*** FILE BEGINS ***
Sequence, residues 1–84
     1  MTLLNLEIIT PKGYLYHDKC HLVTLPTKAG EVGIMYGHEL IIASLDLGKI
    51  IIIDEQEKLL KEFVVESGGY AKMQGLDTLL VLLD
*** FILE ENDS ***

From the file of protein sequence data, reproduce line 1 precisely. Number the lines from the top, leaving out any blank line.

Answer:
Sequence, residues 1–84